The neuronal ceroid lipofuscinoses (NCLs) are a group of inherited neurodegenerative disorders that affect children and adults and are grouped together by similar clinical features and the accumulation of autofluorescent storage material. More than a dozen genes containing over 430 mutations underlying human NCLs have been identified. These genes encode lysosomal enzymes (CLN1, CLN2, CLN10, CLN13), a soluble lysosomal protein (CLN5), a protein in the secretory pathway (CLN11), two cytoplasmic proteins that also peripherally associate with membranes (CLN4, CLN14), and many transmembrane proteins with different subcellular locations (CLN3, CLN6, CLN7, CLN8, CLN12). For most NCLs, the function of the causative gene has not been fully defined. Most of the mutations in these genes are associated with a typical disease phenotype, but some result in variable disease onset, severity, and progression, including distinct clinical phenotypes. There remain disease subgroups with unknown molecular genetic backgrounds. This article is part of a Special Issue entitled: "Current Research on the Neuronal Ceroid Lipofuscinoses (Batten Disease)."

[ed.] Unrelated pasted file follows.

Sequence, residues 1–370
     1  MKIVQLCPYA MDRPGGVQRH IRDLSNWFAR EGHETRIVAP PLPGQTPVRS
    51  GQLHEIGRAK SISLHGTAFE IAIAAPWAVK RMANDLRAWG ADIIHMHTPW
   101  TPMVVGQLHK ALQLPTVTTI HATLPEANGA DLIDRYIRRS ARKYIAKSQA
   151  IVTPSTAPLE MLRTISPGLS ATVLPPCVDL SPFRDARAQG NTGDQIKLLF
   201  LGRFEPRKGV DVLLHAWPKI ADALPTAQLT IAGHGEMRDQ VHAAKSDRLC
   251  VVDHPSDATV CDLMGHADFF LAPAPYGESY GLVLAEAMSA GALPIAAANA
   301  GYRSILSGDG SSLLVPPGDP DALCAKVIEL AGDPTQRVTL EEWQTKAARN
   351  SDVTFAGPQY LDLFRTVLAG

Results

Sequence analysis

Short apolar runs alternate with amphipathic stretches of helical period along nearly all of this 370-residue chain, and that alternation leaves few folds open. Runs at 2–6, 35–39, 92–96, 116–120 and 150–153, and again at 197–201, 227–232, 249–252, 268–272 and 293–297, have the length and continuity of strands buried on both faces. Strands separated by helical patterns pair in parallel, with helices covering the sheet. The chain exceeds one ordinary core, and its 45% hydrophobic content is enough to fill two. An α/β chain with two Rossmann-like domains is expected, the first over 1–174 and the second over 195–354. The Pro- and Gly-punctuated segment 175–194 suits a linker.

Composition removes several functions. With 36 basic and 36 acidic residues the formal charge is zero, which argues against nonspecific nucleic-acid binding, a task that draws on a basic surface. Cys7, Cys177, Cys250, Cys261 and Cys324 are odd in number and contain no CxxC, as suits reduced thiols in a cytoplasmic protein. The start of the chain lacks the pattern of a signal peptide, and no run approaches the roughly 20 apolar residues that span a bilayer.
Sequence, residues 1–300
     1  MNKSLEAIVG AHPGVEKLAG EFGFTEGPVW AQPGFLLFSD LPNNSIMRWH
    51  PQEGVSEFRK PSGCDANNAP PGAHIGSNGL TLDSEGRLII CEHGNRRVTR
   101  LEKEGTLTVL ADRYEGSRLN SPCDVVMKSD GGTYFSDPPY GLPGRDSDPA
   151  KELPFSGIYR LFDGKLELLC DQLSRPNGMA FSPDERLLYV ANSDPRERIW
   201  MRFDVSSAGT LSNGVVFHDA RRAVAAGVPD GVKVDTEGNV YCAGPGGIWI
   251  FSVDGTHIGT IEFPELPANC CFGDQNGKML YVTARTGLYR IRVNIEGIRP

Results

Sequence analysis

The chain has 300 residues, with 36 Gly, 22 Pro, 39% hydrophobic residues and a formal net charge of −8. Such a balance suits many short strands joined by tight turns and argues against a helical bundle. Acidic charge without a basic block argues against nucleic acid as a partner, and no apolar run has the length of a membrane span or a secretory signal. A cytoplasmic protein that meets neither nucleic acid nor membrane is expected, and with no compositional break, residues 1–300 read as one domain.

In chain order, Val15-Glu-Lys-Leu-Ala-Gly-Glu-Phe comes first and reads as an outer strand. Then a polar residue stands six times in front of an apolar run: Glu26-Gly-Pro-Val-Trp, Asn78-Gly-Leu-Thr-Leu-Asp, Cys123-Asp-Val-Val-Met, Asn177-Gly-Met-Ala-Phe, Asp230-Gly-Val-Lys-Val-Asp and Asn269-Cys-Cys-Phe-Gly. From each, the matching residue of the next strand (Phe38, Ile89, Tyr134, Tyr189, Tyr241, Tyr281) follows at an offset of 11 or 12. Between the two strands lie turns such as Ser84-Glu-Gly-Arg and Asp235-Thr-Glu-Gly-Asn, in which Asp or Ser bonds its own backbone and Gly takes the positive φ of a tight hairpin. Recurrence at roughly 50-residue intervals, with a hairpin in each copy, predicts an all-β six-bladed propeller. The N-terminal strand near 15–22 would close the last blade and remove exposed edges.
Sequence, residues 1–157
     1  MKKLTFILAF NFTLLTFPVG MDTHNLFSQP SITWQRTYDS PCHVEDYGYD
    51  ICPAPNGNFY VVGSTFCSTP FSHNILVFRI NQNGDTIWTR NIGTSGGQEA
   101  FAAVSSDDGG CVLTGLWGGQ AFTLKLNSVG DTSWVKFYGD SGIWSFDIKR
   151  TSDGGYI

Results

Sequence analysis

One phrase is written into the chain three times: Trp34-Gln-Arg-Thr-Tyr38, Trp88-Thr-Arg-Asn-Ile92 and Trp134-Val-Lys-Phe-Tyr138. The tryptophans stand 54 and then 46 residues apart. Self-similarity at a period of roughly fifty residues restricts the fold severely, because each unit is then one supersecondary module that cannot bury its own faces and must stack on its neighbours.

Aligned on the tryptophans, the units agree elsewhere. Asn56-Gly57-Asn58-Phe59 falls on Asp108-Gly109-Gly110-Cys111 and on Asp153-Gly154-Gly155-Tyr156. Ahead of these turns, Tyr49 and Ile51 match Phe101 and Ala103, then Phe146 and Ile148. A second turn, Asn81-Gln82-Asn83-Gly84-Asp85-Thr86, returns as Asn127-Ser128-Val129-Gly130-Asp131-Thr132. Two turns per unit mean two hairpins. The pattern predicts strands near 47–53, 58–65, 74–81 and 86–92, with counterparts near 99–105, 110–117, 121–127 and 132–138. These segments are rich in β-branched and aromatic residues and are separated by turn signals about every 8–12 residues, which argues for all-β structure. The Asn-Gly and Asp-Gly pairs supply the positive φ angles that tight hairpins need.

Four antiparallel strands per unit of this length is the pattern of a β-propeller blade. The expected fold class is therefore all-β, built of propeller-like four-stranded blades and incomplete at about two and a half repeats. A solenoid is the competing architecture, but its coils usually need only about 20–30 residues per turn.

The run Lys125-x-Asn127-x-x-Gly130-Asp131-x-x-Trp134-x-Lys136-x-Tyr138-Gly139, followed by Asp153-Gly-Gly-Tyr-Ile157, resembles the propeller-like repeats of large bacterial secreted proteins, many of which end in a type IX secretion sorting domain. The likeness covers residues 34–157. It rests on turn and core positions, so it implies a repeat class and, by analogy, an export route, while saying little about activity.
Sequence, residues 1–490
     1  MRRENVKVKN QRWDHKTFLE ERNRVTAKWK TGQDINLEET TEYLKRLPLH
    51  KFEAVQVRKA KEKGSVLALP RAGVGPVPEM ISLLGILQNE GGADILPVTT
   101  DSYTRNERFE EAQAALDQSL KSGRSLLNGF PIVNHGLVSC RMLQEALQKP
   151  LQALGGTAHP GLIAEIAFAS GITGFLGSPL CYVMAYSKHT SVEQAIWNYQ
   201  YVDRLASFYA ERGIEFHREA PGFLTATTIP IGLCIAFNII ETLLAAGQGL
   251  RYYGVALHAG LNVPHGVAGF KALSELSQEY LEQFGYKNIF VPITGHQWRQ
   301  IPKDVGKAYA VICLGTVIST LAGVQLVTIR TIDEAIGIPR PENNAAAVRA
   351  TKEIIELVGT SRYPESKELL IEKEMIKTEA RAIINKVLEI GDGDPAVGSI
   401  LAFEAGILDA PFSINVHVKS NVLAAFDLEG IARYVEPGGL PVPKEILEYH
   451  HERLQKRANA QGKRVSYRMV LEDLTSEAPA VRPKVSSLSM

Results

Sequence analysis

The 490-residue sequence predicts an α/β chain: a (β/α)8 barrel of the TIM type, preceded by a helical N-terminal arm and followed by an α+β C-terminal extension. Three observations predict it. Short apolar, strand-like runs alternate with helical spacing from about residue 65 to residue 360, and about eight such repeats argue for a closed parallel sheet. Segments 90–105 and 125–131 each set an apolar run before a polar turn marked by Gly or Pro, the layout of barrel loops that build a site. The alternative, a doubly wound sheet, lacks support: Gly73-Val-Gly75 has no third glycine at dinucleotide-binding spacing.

Keywords: Batten; CLN; NCL; Neuronal ceroid lipofuscinosis; genetics, mutation.
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